Clinical pathway using rapid rehydration for children with gastroenteritis

J Paediatr Child Health. 2003 Jul;39(5):343-8. doi: 10.1046/j.1440-1754.2003.00155.x.


Objective: To determine in the Emergency Department (ED) the efficacy of a clinical pathway using rapid rehydration for children moderately dehydrated as a result of acute gastroenteritis.

Methods: This was a prospective study using historical controls, set in the ED of the Children's Hospital at Westmead, NSW, Australia. Subjects were aged from 6 months to 16 years presenting with vomiting and diarrhoea for <48 h who were mildly or moderately dehydrated. The intervention was a clinical pathway involving rapid rehydration using N/2 saline + 2.5% dextrose intravenously at 20 mL/kg per h for 2 h, or Gastrolyte R (Aventis Pharma, Lane Cove, NSW, Australia) via nasogastric tube at the same rate. There were 145 children in the prospective intervention group and 170 in the historical control group. The outcome measures were admission rate, percentage of patients discharged from the ED in 8 h or less, rate of re-presentations within 48 h requiring admission, and rate of procedures with intravenous cannula or nasogastric tube.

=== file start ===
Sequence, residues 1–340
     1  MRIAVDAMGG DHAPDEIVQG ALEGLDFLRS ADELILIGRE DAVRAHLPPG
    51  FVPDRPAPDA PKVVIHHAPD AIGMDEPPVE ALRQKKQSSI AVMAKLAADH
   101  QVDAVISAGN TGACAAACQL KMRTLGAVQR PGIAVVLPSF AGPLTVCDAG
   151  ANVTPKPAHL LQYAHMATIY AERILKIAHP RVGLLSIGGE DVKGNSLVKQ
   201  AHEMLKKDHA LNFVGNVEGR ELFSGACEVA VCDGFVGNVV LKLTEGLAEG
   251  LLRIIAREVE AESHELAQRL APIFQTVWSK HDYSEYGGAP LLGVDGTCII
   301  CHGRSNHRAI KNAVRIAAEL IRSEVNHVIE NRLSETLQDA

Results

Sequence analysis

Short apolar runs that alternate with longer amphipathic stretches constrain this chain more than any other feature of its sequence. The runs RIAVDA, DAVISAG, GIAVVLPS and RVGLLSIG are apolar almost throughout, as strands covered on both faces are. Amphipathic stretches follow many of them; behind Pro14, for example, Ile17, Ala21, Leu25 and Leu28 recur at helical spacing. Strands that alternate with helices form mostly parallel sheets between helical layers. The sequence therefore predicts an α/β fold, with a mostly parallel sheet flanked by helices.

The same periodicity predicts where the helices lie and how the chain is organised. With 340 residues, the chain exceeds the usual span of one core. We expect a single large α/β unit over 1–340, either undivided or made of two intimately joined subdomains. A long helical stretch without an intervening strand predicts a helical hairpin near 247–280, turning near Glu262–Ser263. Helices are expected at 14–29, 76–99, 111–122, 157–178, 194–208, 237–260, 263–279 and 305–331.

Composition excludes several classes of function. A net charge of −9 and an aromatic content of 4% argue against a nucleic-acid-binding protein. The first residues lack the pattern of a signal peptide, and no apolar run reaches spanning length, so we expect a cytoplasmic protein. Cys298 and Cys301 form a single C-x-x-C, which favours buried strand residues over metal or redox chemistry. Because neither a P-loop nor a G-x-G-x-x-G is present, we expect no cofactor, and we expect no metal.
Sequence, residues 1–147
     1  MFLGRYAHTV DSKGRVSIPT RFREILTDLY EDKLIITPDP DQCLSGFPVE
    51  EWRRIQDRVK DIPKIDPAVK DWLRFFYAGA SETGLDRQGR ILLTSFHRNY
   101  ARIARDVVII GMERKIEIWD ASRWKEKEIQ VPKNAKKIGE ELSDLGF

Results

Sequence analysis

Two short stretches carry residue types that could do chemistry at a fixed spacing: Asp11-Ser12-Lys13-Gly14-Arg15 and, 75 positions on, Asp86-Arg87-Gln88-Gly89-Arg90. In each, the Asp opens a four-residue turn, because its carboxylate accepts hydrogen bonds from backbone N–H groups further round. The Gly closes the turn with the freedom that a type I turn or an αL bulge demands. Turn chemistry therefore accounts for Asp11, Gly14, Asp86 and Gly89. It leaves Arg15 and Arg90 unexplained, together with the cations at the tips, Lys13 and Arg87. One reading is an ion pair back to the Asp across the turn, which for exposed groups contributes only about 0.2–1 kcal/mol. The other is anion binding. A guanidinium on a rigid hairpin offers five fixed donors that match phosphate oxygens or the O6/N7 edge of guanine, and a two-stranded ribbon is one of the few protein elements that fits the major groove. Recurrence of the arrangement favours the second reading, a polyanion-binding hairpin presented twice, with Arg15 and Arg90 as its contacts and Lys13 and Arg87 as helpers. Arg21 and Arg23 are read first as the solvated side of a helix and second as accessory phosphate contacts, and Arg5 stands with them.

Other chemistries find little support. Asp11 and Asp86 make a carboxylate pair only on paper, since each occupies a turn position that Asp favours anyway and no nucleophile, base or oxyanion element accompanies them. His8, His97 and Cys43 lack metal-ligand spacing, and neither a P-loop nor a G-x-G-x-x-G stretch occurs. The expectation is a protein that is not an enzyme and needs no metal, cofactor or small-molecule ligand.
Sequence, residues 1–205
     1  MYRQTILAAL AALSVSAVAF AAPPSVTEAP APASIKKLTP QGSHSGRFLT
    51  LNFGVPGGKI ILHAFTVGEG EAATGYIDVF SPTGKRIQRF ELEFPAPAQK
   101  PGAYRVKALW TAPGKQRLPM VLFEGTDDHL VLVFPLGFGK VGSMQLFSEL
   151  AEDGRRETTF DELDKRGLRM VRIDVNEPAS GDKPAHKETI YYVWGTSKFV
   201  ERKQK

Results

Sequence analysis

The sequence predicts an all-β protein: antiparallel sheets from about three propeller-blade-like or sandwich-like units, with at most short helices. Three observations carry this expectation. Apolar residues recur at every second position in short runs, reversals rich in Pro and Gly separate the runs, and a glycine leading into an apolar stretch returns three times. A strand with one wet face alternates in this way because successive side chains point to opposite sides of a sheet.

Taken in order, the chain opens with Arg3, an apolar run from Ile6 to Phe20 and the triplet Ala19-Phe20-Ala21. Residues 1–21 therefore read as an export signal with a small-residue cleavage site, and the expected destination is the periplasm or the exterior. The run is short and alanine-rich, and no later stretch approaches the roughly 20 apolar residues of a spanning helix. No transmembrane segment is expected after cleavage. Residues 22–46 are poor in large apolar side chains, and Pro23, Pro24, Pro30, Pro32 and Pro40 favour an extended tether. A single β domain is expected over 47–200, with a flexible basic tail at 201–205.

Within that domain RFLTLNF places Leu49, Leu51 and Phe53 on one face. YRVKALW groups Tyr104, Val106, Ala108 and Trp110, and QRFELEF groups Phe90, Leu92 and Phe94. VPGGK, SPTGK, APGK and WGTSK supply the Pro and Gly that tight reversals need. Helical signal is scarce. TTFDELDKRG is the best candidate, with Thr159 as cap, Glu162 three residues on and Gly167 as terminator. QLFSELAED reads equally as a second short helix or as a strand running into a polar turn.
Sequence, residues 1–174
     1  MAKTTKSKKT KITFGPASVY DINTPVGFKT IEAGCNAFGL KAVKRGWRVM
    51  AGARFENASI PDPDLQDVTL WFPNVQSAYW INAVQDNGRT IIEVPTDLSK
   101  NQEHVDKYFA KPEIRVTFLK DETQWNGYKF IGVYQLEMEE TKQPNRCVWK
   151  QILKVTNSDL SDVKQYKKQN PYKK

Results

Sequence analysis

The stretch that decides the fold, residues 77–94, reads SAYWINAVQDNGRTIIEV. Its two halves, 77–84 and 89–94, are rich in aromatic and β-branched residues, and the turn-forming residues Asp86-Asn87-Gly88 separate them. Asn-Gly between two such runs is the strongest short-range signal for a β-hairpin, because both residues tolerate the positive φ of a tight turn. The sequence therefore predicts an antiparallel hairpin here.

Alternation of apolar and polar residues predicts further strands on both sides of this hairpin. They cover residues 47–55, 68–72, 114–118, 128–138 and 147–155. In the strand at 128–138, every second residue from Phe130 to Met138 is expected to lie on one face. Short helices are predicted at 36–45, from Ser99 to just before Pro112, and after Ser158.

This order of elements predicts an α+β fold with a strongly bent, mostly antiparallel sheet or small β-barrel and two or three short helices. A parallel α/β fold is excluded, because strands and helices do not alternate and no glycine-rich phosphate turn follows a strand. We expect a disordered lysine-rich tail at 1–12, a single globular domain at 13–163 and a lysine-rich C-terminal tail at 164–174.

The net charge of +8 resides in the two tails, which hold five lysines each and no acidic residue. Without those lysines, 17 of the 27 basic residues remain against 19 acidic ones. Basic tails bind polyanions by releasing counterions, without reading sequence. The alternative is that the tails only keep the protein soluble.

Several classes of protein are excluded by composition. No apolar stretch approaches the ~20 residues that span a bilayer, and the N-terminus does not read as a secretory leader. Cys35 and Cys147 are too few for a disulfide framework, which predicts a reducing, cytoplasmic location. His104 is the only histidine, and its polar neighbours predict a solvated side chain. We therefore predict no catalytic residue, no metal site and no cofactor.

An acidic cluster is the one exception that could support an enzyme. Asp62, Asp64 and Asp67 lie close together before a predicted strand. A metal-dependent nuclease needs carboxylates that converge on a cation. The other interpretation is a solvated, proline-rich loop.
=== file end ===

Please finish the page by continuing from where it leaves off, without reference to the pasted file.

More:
Results: In the moderately dehydrated children, significant reductions were observed in the admission rate and the number discharged in 8 h or less in the intervention group compared with the control group, with no significant difference in the rate of re-presentation and the rate of procedures. In the moderately dehydrated children in the intervention group, the admission rate was 29 of 52 (55.8%) compared with the controls 26 of 27 (96.3%) (P < 0.001) and the number discharged in 8 h or less was 23 of 52 (44.2%) compared with 1 of 27 (3.7%) in the controls (P < 0.01).

Conclusion: The clinical pathway utilizing rapid rehydration in children moderately dehydrated from gastroenteritis is effective in reducing admission rates and lengths of stay in the ED.

MeSH terms

  • Acute Disease
  • Adolescent
  • Child
  • Child, Preschool
  • Critical Pathways*
  • Emergency Medical Services / standards*
  • Emergency Service, Hospital
  • Female
  • Fluid Therapy / methods*
  • Gastroenteritis / therapy*
  • Hospitals, Pediatric
  • Humans
  • Infant
  • Male
  • New South Wales
  • Treatment Outcome